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Our Catholic President

March 15, 2017

In American politics, Donald Trump is unique, but if we search for reasons why, we struggle to find the key to his political and economic views.  However, if we look to England of forty years ago, we’ll find someone very much like “The Donald.”

In the mid-1960s, a British member of Parliament, Enoch Powell, commanded the attention of the British public by his stance against immigration and the British Labor Party’s Race Relations Bill.

Collapse of Britain’s empire after World War II generated a flood of immigrants from British India and other Dominions that threatened the racial makeup of England.

By the late 1960s, Indian Sikh’s were visible on British transit as bus drivers and Council Housing that had served a largely white British working class was roiled by the admission of non-white immigrants from the Dominions.

Enoch Powell’s stand against immigration attracted the support of British workers who had never supported Conservative politicians, but felt threatened by the influx of immigrants. When the Conservative Party won the 1970 general election, Powell’s supporters claimed that Powell’s stance on immigration guaranteed the Conservative victory.

Enoch Powell, unlike Trump, was an academic, a classicist and student of philosophy who early in his career was fascinated with the German philosopher, Friedrich Nietzsche.

“Will to power” is a strong impulse in all politicians, but Powell’s identification with Nietzsche went beyond the pale of English politics and raised concerns that Powell had not learned lessons from Britain’s battle with Nazi Germany.

Opponents of President Trump express concern about his immigration policies, his frequent verbal slights against women (the weaker sex), his failure to search for specialists in public policy who might inform and enrich his views, his self-confidence and absolute belief in his own intuition and judgment.

Those characteristics are compatible with Nietzsche’s concept of the Superman or Übermensch. If Nietzsche influenced the President, where might he have read any of Nietzsche’s works?

Though President Trump frequently mentions that he earned an undergraduate degree in Finance from the Wharton School at the University of Pennsylvania, he actually attended his first two years of college at Jesuit Fordham University in Bronx, New York.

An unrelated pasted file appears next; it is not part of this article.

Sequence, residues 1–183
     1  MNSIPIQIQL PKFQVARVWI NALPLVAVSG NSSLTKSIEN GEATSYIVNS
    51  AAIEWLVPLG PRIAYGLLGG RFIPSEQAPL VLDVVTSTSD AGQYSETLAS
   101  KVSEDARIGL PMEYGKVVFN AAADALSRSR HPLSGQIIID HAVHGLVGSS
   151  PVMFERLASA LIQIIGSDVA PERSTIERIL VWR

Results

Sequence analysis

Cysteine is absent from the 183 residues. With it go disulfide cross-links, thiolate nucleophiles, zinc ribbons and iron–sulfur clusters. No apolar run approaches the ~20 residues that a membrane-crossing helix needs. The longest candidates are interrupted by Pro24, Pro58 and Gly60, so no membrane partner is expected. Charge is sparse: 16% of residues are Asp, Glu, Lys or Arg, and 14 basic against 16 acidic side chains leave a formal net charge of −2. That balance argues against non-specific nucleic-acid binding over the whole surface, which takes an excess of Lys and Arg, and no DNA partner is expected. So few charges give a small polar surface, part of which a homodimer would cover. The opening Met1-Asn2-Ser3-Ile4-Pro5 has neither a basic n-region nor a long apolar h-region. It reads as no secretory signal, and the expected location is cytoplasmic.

What courses were required of students who entered Fordham in 1964 can be learned from the Fordham catalog for that year. I’ve asked Fordham to provide a copy, but I must assume that a survey course in Philosophy required of every Fordham undergraduate would have referred to Nietzsche and perhaps attracted the attention of a Freshman recently graduated from a military academy.

Trump’s appeal to strength against weakness is not necessarily Nietzchean, but we should not be surprised, therefore, that other aspects of Fordham University may have “stuck.” For example, President Trump’s commitment to healthcare for all Americans and his moving statements that the poor will not be abandoned suggest the influence of the Catholic idea of “Social Justice.”  Developed in 1931 by Pope Pius XI in the Encyclical, Quadragessimo Anno, the concept Social Justice directs faithful Catholics to support the working classes, criticizes “individualism” and free markets and argues for an active government role in economic affairs.

It is highly likely that what President Trump learned at Fordham was more influential than what he gained from his studies at Wharton. If that is the case, President Trump may be viewed as a Catholic President.

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